pen and ink geometric design of a squirrel with a nut

What’s an artist?

by Tricia Enns

What does it take to be an artist? What does it mean? I used to think everyone was an artist, or at least had the ability to be one, but now I am not so sure.

I do believe everyone is creative, but art and creativity are different things, and to call yourself an artist takes a certain type of person. Just this year, I decided to label myself an artist. I have been creating art my whole life, but now I associate it with my identity. In this short time, here is what I have learnt:

  1. First of all, being an artist takes a lot of confidence. Mountains of it. Not cockiness, but confidence. You have to be ready for a lot of criticism. People are not going to understand your work, people are going to call you lazy and self-centred, your family will most likely disapprove of your self indulgent lifestyle and your postbox will overflow with proposal rejection letters. But of all the critics, the worst is yourself. You are going to constantly doubt yourself: “It’s not good enough”, “What’s the point?”, “No one is ‘liking’ what I posted!”, “Who is going to fund me?”, “What I do is not that unique”… The list goes on. I have had each one of these thoughts at one point or another. I try my best to acknowledge them and move on, but sometimes I stumble and fall.
  2. With that self criticism come dark spells. Dark spells can often be mitigated or avoided by taking time for self-love and care – but who has time for that crap?! The constant hustle leaves little time for celebrating what makes you awesome. This causes you to spend most of your time focusing on all of those rejection letters, and your amazing ability to not quite make it. And, since you’re an artist, you’re probably pretty strapped for cash, and thus feel like you can’t justify taking one or two days a week to yourself. At least, I struggle to justify this. Paying rent or mental sanity this week? Paying rent wins 9 out of 10 times. Despite me calling self-love ‘crap’ earlier, it’s so important. For example, just this past week, I had a meltdown, full force tears exploding out of me in a public toilet! Granted, it was a good cry, but it resulted in a foggy sadness resting over my working weekend. Suffice to say that I forced myself to take the Monday off. Taking a day off was amazing – but why can we not justify it until a breakdown occurs? Maybe it’s just me, but I doubt it.
  3. Speaking of paying rent, choosing to be an artist basically means choosing to be worried about money for the rest of your life. There have been studies showing that artists consistently, on average, make less then minimum wage. I recently went to an amazing talk by Ursula Johnson, an inspiring globally known Mi’kmaw First Nation artist, who admitted to still requiring a second job to pay the bills. Even artists who have their work in national galleries, travel the world, and have won many prestigious awards still require part-time jobs! Artists are not valued, and as a result have to work extremely hard, and no doubt many struggle with constant self-doubt and identity crisis. How would you not, when living in a world that sees art like the fringe around the hem of a skirt: just some extra pretty fluff?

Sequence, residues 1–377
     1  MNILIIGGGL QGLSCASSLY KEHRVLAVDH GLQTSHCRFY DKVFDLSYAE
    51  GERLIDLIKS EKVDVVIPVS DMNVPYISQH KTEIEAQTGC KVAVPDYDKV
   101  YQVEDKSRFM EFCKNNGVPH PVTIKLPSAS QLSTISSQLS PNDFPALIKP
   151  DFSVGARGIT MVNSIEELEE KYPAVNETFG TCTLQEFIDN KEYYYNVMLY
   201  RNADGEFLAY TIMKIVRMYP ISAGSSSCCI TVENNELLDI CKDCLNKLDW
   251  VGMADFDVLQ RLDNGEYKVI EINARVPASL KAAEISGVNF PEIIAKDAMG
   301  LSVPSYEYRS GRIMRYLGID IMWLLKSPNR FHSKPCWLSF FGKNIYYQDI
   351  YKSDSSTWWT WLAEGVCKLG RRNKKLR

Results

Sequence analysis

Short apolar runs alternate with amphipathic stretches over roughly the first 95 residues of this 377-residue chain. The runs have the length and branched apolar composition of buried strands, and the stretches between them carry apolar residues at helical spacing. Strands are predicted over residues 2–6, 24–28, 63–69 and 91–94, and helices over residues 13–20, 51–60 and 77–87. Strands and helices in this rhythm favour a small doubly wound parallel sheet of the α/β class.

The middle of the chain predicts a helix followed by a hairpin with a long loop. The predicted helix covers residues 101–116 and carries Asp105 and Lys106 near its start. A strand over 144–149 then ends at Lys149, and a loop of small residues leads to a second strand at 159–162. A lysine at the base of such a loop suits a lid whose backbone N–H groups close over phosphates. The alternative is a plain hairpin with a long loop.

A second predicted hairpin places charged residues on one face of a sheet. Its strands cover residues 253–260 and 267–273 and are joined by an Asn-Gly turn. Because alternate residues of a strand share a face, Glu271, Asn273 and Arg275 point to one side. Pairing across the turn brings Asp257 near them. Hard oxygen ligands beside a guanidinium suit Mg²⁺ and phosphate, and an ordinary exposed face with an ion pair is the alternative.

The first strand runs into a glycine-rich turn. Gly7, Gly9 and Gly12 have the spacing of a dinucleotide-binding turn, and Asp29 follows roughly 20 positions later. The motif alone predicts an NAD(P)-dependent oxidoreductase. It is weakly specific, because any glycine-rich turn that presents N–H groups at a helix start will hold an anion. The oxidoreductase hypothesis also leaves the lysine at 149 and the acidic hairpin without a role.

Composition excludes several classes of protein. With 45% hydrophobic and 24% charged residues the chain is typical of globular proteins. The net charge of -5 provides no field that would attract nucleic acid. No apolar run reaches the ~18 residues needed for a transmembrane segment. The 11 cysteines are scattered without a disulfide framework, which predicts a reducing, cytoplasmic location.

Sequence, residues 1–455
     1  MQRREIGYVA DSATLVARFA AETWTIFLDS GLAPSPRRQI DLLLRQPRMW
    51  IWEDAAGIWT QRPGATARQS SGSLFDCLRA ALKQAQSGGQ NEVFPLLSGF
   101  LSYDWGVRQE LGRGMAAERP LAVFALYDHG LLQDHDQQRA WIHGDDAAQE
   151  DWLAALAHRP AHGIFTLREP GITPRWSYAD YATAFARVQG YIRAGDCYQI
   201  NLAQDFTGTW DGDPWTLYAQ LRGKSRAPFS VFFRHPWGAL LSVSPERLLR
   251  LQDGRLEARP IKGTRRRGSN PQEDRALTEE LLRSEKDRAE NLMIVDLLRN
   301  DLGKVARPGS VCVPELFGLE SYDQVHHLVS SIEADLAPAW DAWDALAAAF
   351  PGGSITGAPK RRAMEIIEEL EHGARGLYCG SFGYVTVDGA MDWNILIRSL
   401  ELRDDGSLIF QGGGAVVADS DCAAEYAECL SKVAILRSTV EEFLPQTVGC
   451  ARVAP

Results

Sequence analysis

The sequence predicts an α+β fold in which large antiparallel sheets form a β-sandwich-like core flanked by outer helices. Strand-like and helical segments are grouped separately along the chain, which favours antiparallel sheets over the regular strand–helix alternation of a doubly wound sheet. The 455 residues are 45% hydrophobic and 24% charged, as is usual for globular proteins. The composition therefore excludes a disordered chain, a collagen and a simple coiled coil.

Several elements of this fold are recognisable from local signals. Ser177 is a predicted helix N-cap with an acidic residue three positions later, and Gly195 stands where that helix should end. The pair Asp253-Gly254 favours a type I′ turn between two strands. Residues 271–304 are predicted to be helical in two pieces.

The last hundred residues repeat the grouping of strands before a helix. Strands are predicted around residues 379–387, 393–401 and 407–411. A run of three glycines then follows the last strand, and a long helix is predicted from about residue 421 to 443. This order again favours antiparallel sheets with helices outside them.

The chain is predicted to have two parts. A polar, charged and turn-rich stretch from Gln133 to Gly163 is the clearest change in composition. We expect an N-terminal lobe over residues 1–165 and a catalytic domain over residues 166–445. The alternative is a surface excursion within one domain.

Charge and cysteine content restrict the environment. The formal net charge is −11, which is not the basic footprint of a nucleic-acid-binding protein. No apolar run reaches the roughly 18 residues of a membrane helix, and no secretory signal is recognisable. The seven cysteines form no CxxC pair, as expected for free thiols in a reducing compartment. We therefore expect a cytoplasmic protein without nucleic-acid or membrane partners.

Now that I have sufficiently made you never want to call yourself an artist, let me tell you that being an artist is amazingly magical. It provides a freedom that few other professions allow. I am able to dive deeply into learning about whatever piques my interest in the name of art. For example, over the past six months I have been working on several honey bee related works and learning about the honey bee, a fascinating insect.

Being an artist also means having an amazing power and tool to shine a spotlight on important topics and respond to global and local events. Although art may not be financially valued in our society, it is still highly influential. For example, One Two Three Swing!, an exhibition that was recently at the Tate Modern, is a playful interactive exhibition that challenges our current economic systems and contrasts it with a sense of collaboration, and liberation. Have you ever experienced a piece of art and felt moved all the way down to the soles of your feet? As an artist you have the super power, if you choose to use it, to challenge social norms and arguably force people to feel and think about the uncomfortable. This is not always an easy role, and the artist is not always celebrated for it, but regardless, it is very important.

So what does it take to be an artist? To me, an artist is someone who is resilient, confident, self-aware and resourceful. An artist is someone who challenges the status quo, and does not shy away from making people feel uncomfortable while also being empathetic. An artist is someone who feels deeply. An artist regularly cries and laughs. Are you an artist?

To keep up with Tricia’s work, follow her at

Please note that this blog was written based on personal experiences, and is not a comment on others’ experiences. – TE